For once The New Yorker is worth reading this week — it’s not one of the ninety-seven “Style Issue” editions that they put out each year to appease their advertisers or yet another “Fiction Issue” or “Humor Issue” or what have you. Instead of giving us too much of something, this week’s issue actually gives the standard blend of these things its known for: unfunny cartoons, wry front-of-the-book observational pieces, a good feature story (about advertising history, admittedly a hobby-horse of mine), a think-piece profile (on Antonin Scalia) and reviews by their A-listers — Menand, Updike and Anthony Lane (not the increasingly annoying David Denby). No Adam Gopnik in sight, thank God. The only thing to make it better would be a column from the ocnsistently excellent Peter Schendjahl to round things out.
Anyway, enough New Yorker dorkery. I brought it up only because Hertzberg made the point I was trying to make (in regard to electricity deregulation) about social saftey nets much more concisely:
Social Security — like the public-school system, the progressive income tax, the neighborhood public library, the subways and buses, food stamps, and a host of other socialistic schemes — runs counter to the narrow economic interests of the rich, because they generally have to put more money into it than they get out. It does benefit them as citizens, however, assuming that they prefer to live in a society of civic peace, civic order, and civic decency — a society of trust. It is not helpful to them, or anyone else in the country or on the planet, when the President announces, “There is no trust.”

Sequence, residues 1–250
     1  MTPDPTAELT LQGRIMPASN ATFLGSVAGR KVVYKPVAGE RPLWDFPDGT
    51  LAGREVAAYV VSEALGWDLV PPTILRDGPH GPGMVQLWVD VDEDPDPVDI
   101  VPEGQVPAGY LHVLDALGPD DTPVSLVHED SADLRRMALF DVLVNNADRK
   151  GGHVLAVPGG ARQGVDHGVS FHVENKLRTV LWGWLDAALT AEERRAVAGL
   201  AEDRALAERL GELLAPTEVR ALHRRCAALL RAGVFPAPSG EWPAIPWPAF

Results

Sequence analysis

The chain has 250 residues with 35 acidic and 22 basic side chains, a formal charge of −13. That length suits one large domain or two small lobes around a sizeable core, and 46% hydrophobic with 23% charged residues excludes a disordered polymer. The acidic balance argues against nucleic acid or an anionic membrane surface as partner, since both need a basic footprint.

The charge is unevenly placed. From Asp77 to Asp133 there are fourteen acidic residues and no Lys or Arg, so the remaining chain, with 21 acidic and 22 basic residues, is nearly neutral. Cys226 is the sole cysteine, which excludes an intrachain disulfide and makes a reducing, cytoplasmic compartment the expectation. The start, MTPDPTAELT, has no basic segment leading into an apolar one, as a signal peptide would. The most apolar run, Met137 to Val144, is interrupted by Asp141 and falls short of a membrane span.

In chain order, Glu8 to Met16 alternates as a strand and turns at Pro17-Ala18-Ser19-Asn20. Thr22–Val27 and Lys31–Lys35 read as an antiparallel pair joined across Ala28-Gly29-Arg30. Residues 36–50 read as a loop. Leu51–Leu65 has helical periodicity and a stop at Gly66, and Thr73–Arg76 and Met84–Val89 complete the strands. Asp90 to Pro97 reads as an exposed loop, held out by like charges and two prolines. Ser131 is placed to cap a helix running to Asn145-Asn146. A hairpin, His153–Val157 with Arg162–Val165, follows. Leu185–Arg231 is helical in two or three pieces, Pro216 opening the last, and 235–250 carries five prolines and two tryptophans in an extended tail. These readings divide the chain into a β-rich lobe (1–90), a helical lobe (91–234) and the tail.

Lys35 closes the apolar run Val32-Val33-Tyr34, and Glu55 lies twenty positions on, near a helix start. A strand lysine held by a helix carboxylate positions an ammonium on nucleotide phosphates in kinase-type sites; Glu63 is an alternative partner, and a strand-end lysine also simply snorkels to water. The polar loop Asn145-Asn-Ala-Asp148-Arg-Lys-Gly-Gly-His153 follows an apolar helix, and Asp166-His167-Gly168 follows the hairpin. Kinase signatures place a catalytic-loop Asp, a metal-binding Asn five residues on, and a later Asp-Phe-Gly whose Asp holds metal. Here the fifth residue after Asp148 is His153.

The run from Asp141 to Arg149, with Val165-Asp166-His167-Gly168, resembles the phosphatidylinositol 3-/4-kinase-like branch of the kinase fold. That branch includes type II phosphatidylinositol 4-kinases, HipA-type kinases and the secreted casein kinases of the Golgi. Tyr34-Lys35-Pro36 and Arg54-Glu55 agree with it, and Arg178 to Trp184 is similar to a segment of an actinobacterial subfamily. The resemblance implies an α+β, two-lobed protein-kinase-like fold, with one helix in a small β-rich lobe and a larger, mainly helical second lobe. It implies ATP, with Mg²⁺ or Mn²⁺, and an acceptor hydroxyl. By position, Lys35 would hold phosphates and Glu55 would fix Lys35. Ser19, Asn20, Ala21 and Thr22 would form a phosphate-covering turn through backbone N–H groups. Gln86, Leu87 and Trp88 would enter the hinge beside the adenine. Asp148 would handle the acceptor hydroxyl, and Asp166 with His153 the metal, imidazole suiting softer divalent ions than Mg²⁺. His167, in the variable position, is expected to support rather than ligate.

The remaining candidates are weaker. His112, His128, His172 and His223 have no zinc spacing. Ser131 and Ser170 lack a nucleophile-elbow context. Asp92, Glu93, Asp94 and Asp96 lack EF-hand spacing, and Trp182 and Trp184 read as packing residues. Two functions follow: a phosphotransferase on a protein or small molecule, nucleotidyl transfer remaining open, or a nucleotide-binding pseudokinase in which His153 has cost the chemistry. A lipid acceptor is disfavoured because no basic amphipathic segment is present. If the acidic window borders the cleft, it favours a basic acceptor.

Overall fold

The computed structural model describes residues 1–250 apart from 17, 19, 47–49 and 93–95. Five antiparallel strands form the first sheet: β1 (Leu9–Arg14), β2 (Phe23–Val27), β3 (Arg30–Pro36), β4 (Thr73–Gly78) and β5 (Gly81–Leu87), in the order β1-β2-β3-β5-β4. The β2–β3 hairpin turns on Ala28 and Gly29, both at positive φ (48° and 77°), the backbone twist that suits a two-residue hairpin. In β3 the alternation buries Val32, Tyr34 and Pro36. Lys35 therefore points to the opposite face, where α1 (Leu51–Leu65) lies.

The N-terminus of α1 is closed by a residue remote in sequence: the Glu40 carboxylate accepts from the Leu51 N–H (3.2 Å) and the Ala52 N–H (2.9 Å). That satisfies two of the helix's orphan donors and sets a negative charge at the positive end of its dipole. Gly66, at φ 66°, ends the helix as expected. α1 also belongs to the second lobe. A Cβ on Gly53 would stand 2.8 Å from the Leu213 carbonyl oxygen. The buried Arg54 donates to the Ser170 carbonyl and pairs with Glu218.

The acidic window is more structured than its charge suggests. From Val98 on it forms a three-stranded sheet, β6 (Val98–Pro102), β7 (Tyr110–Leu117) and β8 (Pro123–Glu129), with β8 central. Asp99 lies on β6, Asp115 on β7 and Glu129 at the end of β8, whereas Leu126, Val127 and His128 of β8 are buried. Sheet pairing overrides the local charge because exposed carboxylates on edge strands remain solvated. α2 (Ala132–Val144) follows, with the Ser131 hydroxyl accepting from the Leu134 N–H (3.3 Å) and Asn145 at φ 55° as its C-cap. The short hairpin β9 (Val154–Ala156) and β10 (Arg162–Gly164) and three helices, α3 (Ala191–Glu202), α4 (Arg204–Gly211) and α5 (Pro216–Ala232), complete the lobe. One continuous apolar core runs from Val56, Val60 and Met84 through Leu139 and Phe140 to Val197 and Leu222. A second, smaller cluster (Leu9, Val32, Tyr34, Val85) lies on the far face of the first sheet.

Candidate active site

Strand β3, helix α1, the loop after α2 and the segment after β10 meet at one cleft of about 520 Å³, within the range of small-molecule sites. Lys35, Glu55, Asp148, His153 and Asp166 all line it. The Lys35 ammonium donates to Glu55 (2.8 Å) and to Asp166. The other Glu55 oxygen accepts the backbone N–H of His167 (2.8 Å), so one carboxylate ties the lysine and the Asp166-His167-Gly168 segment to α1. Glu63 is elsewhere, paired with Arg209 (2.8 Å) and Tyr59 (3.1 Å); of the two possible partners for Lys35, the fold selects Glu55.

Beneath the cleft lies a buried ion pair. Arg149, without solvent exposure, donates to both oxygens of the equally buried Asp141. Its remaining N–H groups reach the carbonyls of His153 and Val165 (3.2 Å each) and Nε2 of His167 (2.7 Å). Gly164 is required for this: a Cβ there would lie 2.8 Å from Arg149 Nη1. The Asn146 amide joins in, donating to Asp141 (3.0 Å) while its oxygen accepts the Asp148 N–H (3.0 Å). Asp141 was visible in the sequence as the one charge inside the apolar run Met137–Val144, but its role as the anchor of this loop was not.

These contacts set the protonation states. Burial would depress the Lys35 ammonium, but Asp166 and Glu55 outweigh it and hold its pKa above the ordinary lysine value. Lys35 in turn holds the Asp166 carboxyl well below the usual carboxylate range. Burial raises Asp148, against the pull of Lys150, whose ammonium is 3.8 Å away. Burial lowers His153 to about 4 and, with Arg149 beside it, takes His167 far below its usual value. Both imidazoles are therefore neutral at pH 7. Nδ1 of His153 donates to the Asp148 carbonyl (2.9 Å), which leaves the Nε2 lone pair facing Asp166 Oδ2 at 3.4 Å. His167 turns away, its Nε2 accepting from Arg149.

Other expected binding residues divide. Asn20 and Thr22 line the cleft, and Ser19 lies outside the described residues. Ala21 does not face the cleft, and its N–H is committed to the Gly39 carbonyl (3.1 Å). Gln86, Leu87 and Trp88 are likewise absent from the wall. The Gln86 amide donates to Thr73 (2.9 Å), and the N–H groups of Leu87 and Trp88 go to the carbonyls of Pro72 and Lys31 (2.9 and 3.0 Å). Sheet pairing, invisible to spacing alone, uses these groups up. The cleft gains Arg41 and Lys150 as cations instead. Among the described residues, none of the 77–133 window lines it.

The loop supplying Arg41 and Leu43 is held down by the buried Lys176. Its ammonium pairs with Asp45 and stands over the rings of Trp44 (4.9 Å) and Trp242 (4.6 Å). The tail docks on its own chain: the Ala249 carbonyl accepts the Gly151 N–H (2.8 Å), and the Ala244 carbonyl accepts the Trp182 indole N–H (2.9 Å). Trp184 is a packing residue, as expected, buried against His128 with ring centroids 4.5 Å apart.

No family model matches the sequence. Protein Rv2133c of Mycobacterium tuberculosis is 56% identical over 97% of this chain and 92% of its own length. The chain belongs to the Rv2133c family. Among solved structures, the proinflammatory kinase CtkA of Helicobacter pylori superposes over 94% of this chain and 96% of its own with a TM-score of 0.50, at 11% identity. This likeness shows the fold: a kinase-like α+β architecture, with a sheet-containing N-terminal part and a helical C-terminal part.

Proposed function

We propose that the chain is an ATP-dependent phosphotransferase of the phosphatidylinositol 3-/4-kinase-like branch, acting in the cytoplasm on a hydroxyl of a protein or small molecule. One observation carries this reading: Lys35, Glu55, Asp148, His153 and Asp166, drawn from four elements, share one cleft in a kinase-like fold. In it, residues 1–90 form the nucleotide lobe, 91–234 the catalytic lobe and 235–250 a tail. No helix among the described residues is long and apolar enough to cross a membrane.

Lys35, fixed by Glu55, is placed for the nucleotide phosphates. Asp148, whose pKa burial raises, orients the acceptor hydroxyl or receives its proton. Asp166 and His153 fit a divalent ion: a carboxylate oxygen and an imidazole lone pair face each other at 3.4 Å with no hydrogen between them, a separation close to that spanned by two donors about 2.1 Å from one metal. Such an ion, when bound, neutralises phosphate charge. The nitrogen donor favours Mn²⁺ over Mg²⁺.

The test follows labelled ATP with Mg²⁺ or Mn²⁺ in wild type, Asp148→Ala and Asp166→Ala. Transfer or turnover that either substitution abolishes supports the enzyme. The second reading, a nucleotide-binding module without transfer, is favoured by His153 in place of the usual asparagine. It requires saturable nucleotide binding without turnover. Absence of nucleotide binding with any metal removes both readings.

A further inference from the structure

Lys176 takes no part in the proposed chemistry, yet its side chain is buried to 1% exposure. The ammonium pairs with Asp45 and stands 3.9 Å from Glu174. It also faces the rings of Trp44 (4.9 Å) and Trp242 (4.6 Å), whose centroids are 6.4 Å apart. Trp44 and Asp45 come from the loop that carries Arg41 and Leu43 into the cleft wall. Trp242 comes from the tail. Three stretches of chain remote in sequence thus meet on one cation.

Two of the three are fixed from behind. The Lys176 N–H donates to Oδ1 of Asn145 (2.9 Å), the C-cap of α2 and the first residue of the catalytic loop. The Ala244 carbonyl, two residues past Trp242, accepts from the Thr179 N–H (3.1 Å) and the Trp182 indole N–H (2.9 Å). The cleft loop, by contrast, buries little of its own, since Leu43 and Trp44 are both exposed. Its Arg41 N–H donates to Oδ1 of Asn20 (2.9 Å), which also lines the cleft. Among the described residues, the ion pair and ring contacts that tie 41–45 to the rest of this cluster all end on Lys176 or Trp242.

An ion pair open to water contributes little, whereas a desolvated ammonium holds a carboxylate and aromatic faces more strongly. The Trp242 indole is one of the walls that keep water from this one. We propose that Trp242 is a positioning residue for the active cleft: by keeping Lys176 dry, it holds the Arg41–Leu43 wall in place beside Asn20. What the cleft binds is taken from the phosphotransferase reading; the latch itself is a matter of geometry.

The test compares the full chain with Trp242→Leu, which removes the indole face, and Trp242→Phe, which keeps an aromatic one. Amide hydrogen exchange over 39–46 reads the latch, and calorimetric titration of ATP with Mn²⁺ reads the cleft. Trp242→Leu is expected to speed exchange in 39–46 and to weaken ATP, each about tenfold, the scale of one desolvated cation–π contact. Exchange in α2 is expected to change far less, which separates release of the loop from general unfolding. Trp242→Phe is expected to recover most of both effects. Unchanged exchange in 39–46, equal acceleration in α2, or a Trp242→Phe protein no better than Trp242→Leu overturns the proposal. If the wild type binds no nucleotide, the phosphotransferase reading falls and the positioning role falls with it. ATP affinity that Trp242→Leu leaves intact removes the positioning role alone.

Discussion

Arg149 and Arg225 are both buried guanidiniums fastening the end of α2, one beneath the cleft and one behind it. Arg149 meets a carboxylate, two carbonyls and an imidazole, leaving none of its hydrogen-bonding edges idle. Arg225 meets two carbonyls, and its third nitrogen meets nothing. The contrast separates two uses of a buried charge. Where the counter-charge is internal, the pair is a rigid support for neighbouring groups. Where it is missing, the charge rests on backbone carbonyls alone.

The president is not especially interested in decency or order, other than the orderly dismantling of government. Disorder and confusion, in the short term, seem to provide the maximum profit to those already vested with power and capital, as the chaos creates a plentitude of fear, anxiety, and haplessness from which to harvest speedy profits. But the windfall profits Bush and his clueless ilk are trying to seize in their brief window of opportunity, with their dubious and contemptible “political capital” earned through gay-baiting, bigotry, nationalism, the exploitation of terrorists, and the declaration of unnecessary wars, are not renewable resources anymore than the oil reserves of Arabia are. Windfall profit is based on the premise that you bankrupt the future — you don’t acknowledge its existance, and you don’t concenr yourself with how the society in which you live reproduces itself for a new generation. You essentially declare that you don’t care what the society of the future looks like as long as you can live like a pasha now. This masquerades as conservativism but it is really its opposite. It is destroying the possibility of the way of life we know now, the life we would want to “conserve,” surviving into the future.